PC Hardware insider, Komachi_Ensaka thinks that the RDNA 2 iGPU could come with two WGPs (Work Group Processors) at 1.1 GHz. In other words, it could actually be useful.

Recently, we’ve seen the RDNA 2 iGPUs in the mobile Ryzen 6000 perform incredibly well, blowing Intel’s XE iGPUs out of the water. That’s a good sign for Zen 4.

Although based on the tweet from Komachi, it seems that Ryzen 6000 mobile CPUs might have a much more powerful RDNA 2 graphics card.

Moving To The AM5 Platform

AMD processors on the 5nm process will be moving to a new platform and leaving AM4 behind. That is not a bad thing, considering that the last five generations of CPU stuck with AM4, so it is time to give it up and update to something faster, more efficient, and overall better.

Keep in mind; Ryzen 5800X3D is still on AM4.

Moving to AM5 is the best possible decision because it provides scope for many new technologies, most importantly DDR5 memory.

DDR5 Memory

DDR5 is considerably faster than DDR4, rocking much higher frequencies. Furthermore, considering that this is just the beginning for DDR5, frequencies will probably go even higher as this new technology develops.

However, unlike Alder Lake, it is possible that Zen 4 will not be compatible with DDR4 RAM at all based on information from the leaker, Enthusiastic Citizen.

Is that a good move by AMD? The decision removes the option to combine a cheaper DDR4 RAM kit and motherboard with a Zen 4 CPU. DDR5 is fast and it is the future, but it has not yet matured, so we are unsure if we should say goodbye to DDR4 just yet.

PCIe 5.0 And LGA

New DRAM is not the only improvement AM5 will bring. PCIe 5.0 and USB 4.0 will also be introduced. This means more PCIe lanes, faster PCIe lanes, and much faster USB.

Leaks suggest that AM5 will upgrade to LGA and 1718 pins. Not only will LGA 1718 have more pins for the CPU, but it will also have the pins on the socket itself instead of on the processors like current Ryzen SKUs.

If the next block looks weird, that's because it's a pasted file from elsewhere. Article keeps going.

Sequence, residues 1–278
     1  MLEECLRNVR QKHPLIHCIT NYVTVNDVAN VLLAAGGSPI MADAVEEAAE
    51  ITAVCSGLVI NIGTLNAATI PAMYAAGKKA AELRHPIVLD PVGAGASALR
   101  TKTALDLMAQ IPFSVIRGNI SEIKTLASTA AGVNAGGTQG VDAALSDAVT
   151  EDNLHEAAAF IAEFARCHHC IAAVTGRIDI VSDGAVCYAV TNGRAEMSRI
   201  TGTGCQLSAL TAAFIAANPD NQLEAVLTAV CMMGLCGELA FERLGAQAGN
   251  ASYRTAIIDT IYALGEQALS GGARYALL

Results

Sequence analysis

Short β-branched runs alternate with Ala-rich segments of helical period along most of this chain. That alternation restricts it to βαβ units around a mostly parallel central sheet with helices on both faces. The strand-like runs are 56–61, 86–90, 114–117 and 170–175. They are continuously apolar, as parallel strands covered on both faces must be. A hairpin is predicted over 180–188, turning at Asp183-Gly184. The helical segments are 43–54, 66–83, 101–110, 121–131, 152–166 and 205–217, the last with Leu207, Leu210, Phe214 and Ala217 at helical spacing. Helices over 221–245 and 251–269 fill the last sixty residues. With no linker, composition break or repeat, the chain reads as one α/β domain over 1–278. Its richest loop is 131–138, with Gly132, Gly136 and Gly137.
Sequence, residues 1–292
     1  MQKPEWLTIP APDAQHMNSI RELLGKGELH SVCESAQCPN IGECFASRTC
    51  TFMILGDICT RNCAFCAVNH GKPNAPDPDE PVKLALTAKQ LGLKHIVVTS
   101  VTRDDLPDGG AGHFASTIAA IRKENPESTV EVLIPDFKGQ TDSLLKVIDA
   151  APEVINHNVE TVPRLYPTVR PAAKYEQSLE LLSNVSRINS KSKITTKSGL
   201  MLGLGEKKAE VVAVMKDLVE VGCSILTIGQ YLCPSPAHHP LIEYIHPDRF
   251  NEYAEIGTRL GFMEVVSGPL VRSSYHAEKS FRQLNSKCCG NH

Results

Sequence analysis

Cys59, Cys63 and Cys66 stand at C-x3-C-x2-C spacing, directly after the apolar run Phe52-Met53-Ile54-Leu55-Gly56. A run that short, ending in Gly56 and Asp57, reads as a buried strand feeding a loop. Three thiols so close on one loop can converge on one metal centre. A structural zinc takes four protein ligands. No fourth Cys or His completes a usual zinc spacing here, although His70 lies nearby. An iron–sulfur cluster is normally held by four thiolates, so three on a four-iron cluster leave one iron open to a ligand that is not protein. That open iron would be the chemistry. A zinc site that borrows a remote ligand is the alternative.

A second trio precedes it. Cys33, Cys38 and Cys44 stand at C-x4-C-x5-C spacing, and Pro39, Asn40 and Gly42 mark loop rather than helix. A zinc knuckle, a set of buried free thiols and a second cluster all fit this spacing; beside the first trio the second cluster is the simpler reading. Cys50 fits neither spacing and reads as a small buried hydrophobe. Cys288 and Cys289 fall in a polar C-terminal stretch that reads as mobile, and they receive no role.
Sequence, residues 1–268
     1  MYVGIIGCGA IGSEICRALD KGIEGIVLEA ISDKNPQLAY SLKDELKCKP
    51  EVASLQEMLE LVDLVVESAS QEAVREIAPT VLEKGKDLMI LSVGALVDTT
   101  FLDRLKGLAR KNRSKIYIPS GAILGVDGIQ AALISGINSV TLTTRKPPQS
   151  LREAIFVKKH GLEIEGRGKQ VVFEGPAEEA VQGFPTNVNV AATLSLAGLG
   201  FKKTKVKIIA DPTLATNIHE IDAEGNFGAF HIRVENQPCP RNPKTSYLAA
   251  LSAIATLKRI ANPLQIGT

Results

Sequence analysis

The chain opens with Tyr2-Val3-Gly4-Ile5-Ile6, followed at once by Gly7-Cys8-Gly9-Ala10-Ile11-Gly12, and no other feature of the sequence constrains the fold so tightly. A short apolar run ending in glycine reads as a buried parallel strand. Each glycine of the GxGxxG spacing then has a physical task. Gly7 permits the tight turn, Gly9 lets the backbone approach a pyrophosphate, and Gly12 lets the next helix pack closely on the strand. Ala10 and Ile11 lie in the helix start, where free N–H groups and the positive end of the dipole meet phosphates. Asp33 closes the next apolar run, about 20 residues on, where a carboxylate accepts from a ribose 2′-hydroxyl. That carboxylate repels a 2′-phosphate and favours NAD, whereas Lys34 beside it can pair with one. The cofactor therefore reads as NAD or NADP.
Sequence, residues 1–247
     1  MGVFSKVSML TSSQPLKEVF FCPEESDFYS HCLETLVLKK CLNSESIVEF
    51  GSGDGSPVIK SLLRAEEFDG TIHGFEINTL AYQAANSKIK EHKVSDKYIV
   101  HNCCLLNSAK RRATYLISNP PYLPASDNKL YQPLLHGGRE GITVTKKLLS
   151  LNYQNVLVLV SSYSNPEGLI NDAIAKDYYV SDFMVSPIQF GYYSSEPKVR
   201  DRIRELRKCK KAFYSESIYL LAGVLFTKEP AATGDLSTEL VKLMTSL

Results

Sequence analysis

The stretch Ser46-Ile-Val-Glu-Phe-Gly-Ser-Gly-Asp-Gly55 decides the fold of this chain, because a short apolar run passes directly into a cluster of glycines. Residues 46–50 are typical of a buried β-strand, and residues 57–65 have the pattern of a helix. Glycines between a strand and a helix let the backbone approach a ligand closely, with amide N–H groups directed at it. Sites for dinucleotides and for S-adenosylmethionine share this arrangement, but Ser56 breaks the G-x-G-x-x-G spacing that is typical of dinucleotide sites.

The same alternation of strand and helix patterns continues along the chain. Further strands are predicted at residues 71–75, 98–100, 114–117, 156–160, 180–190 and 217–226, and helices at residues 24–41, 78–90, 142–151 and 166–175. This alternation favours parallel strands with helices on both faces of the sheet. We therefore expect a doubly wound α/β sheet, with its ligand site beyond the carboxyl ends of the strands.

The switch from PGA to LGA won’t bring any significant advantages or disadvantages. It is a matter of personal preference. Some say that PGA is better, while others prefer LGA.

As you can see in the image above, AM5 looks a lot more like Intel’s LGA sockets than AMD’s PGA AM4 motherboards. Objectively, this type of bracket does a much better job at keeping the CPU seated correctly in the socket, and the process of removing it from the socket is also much safer.


Can we expect similar pricing with Ryzen 5000? Considering that Intel will be very competitive throughout 2022, AMD will need to be very careful with these prices. This is why we believe Ryzen 7000 might be cheaper than the 5000 series.

Here are some estimates:

Ryzen 5 7600X – $279Ryzen 7 7700X – $359Ryzen 7 7800X – $419Ryzen 9 7900X – $499Ryzen 9 7950X – $759

Keep in mind that, if they are better than expected, they might even be more expensive than the previous generation.

Ryzen 5800X3D

Before Zen 4 releases, AMD wants to beat Intel’s i9-12900K and take back the fastest gaming CPU title. The Ryzen 5800X3D seems to be the solution to the problem. At least that’s what their charts show.

As we can see from this (probably cherry-picked) benchmark above, the 5800X3D is faster than Intel’s flagship i9.

They achieved this by 3D stacking L3 cache right over the chiplets. With this method, AMD achieved to add 96MB of L3 Cache which is considerably more even than the Ryzen 5950X (64MB L3 Cache).

This new technology is called 3D V-Cache, hence the 3D suffix on the Ryzen 5800X.

If this chip can really outperform the 12900K up to 20% in multiple titles, then it will definitely be the fastest gaming chip available until Ryzen 7000 processors release.

For further insight, here’s a chart of AMD’s comparison of the new 3D stacked chip against Ryzen 5900X.

Additionally, here’s a specification table for Ryzen 5800X3D.

CPU Cores Threads Base Clock Boost Clock L3 Cache TDP Ryzen 7 5800X3D8163.4 GHz4.5 GHz64MB 3D V-Cache + 32MB 2D Cache105W


If you’re looking for performance numbers on the Zen 4, you are a bit early. At the time of writing, we don’t even have first-hand benchmarks for Zen 4.

There is one recent leak though of a 16-core and an 8-core Ryzen 7000 CPUs. The supposed successors to the 5950X and 5800X.

What we can say about the next generation of AMD CPUs is the potential increase in performance. Given that AMD will be switching to a 5nm node and moving away from the 7nm process used for Zen 3, an IPC improvement of about 10 to 15% is expected.

However, that is only the bare minimum because AMD probably has a lot more planned than a simple reduction in architecture size. We might be looking at higher clocks, faster memory, and more.

Take their new 3D V-Cache technology as an example. By 3D stacking cache, another 15% performance uplift is possible. Combine that with the IPC improvement and more which can make Zen 4 30% to 40% faster than Ryzen 5000.

This Chips and Cheese blog post uses the same logic based on the information from their sources.

Keep in mind that you should take all of this with a massive pinch of salt. None of the statements above have been confirmed by any official source. All of these performance numbers are currently only estimates, leaks, allegations, etc.